201 North St. Mary's Street
(in the Drury Inn, on the Riverwalk
next to the Sniper Trees floodgate)
Here's the thing about steak houses: if you own an outdoor grill, and are willing to spring for the charcoal and some mesquite chips, and take the time to monitor your piece of meat on the grill, you can make yourself a steak every bit as good as what people seem willing to pay any amount for.
It used to be that steak houses had access to better quality meats than you could find at your local supermarket, but that's no longer true. The HEB I shop at, much as it irritates me in oh, so many ways, carries some excellent USDA-Prime steaks, as good as any you'd find at any of the big-name places around town. So what you're buying at a steak house is the convenience of having someone else do all the work, and plying you with alcohol and all the good, hot bread you want.
|The holiday season is a particularly good time to visit|
restaurants on the Riverwalk
Because I have that knowledge firmly lodged in my brain, I can't bring myself to go, any more, to the really high-end steak houses. I've been to all of them, I believe, and I've never yet had a steak that is really worth the exorbitant charges they ask for. When I have that yen to let someone else cook my meat, there are only a few options for me*, and all of them chain restaurants: Outback, which has franchises in twenty countries around the world; Saltgrass, a part of the Landry's Restaurant empire; and Texas Land & Cattle, which at least has the advantage of being Texas-born, though it now has a few locations beyond the light of the Lone Star.
All of these steak houses offer high-quality meat, properly cooked, nicely accompanied, and served in a comfortable setting. They compete on seasonings, which is purely a matter of personal preference, and on gimmicks like Outback's "bloomin' onion" and it's Australian theme. Texas Land & Cattle's gimmicks — it's "signatures" — are the smoked sirloin and the lettuce wedge, both of which found their way to our table last night.
The lettuce wedge is exactly that: a big chunk of iceberg lettuce, gussied up with bleu cheese, bacon, tomato and croutons. As salads go, if you like bleu cheese, this is an excellent choice. It's crisp and fresh, and it's so large you might want to just have the rest of your meal served in a go-box. Personally, I rate bleu cheese right above molded bread on my list of favourite foods, so I opted for the tortilla soup as an appetizer. The creamy broth was reminiscent of the excellent tortilla soup my wife makes, with the added bonus of smoked chicken, which imparted a pleasing flavour, lifting the soup above the ranks of the merely good tortilla soups. The serving should have been larger, the tortilla pieces more plentiful, but overall it was a satisfying prelude to the meal.
The smoked sirloin is the item that keeps this restaurant at the top of my steak-house preferences, such as they are. It is a sirloin, the whole thing, coated with cracked pepper and smoked, which is something I can't do at home. It's the item I've chosen from the menu probably nineteen times out of twenty. Last night my wife chose it (in combination with the lettuce wedge), and it was as good as ever. But I decided to sample some of the other items on the menu for a change, so I went with the TXLC Trio, a sampler plate with a six-ounce sirloin steak (graded USDA Choice, not prime), a mesquite-grilled chicken breast with barbecue sauce, and four medium shrimp (fried or grilled; I chose grilled). The menu lists a rice side-dish, but I got a baked potato instead.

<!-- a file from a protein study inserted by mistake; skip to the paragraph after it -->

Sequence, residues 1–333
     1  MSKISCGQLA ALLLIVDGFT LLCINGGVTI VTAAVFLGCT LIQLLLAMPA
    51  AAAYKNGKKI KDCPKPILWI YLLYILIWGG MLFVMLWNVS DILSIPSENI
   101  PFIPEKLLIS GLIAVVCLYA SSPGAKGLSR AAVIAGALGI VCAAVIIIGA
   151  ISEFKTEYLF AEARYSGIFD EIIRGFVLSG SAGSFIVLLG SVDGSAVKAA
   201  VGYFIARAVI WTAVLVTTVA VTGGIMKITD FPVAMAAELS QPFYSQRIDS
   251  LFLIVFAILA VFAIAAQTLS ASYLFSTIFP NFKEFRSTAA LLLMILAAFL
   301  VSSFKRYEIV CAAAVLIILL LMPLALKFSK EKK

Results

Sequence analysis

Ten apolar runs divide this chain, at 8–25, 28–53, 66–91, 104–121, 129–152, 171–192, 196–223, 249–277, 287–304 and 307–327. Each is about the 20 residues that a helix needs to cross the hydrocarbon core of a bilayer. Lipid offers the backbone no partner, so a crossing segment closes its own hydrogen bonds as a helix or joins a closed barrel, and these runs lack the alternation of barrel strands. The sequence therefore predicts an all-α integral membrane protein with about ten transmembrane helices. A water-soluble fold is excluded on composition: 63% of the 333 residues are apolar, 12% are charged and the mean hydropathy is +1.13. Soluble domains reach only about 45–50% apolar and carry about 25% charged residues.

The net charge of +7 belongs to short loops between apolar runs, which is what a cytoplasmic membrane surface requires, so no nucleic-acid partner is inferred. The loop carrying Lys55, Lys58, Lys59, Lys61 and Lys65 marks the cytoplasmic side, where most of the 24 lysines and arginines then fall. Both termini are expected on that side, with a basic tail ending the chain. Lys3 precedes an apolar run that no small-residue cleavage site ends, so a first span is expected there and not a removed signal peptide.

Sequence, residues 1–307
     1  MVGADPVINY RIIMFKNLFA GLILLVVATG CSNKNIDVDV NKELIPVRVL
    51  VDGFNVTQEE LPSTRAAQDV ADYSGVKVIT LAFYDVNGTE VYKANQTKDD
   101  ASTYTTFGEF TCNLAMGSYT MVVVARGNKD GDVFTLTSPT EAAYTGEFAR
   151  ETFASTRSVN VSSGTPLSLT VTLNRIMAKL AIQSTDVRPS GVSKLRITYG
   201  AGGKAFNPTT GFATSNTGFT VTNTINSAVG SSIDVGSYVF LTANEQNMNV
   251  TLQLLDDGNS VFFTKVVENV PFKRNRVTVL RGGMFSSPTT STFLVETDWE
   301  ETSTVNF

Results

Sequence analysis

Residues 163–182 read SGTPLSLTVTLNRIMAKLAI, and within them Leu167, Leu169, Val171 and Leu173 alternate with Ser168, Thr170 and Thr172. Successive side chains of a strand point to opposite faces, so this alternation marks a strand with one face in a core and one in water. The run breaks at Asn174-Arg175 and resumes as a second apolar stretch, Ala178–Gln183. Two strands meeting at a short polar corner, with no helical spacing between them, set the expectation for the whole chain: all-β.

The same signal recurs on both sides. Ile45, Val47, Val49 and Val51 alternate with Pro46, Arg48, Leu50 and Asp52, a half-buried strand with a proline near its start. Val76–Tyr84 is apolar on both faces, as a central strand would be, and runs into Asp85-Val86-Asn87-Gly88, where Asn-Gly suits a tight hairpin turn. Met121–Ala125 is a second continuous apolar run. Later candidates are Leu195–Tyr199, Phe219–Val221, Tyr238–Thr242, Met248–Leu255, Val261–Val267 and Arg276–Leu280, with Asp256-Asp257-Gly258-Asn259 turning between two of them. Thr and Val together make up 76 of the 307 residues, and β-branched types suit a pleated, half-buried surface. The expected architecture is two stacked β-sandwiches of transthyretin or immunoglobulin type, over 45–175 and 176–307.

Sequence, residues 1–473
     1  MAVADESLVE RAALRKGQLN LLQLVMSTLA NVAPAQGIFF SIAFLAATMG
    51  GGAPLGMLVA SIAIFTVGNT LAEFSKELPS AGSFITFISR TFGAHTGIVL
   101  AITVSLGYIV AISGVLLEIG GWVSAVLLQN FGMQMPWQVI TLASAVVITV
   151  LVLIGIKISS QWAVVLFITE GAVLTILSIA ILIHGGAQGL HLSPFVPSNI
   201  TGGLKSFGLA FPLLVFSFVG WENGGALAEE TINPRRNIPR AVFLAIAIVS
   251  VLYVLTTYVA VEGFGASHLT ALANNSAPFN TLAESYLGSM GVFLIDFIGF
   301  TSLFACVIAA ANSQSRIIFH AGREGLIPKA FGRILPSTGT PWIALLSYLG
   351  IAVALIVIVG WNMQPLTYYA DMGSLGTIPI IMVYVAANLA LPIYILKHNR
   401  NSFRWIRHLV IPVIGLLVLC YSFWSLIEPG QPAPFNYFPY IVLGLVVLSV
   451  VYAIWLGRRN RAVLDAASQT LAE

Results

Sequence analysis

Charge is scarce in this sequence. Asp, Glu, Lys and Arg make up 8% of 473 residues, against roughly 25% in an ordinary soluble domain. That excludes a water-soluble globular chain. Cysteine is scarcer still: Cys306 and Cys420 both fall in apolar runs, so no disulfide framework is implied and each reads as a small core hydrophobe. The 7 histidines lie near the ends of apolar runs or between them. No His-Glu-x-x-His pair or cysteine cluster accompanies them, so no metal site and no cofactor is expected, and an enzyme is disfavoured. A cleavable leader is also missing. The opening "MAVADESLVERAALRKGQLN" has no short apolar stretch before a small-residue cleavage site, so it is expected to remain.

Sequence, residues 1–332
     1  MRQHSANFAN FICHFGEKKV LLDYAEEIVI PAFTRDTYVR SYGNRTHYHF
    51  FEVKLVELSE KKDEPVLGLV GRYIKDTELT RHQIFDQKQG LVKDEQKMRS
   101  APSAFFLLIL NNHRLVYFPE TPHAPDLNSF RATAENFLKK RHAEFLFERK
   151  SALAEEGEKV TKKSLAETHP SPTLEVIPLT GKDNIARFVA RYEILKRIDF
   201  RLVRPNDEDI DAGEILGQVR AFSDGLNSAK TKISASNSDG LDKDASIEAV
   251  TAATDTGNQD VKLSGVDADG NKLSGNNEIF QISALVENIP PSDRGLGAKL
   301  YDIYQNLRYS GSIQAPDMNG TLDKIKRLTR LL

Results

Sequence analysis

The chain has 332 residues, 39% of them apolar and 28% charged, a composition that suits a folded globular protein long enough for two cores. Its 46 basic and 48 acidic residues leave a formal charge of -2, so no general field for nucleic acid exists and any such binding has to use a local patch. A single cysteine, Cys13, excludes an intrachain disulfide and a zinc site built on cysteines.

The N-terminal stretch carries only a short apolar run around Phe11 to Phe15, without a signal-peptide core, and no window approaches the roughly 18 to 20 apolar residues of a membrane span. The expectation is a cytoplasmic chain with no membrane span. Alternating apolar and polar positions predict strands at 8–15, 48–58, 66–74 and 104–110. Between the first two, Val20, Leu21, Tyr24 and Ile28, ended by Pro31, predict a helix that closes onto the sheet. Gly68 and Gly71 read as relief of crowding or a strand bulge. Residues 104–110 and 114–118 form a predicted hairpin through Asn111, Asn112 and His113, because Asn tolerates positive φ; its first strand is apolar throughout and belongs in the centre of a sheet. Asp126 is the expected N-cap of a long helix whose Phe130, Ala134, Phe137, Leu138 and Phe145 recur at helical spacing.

Having had my soup and two loaves of soft, crusty, hot bread, it's no surprise that about half my entrée made it home to be today's lunch. There is a lot of food on the TXLC Trio plate, enough even to make a curmudgeonly miser like me feel like I got a pretty good deal. (A nice, refreshing drink of bourbon helped, too.) The steak was cooked just a tad beyond the medium-rare I ordered it at, but close enough to call it done right. The chicken was cooked, I would say, just about perfectly too, though I found the barbecue sauce used to be much sweeter than I care for; a common complaint for me. The shrimp were cooked through and nicely seasoned, but the tails were burnt. I don't think it'd really be fair in counting off for that, though, since probably 99% of the customers any restaurant gets wouldn't give a hoot in Hell about the state of the meatless tail. But I'm one of those peculiar people who will usually eat the crunchy little buggers, so I was disappointed that they were carbon instead of calcium.
|Latest city inspection: May 2011|
33 demerits (rather a lot)
The downtown location of Texas Land & Cattle is in a hotel. That would normally be a strike against it for me, because hotel restaurants tend to cater to a clientèle other than the local population. But a steak house is a steak house is a steak house, and besides, this particular hotel can claim some indulgence as part of a locally-owned chain. Besides, the Riverwalk is such a pleasant place, especially this time of year. I've also been to the location on Loop 410, and actually prefer it in some ways (convenient free parking, for example, but when the weather's fine, as it was last night, the distance from door to car is actually a point in favour of downtown restaurants). The interior décor is pleasing if not authentic, and the staff that I've encountered at the downtown location, and not just on last night's visit, has always been of the highest calibre for efficiency and helpfulness.
* There are some good independent steak houses around, but my wife doesn't ever want to go to those places.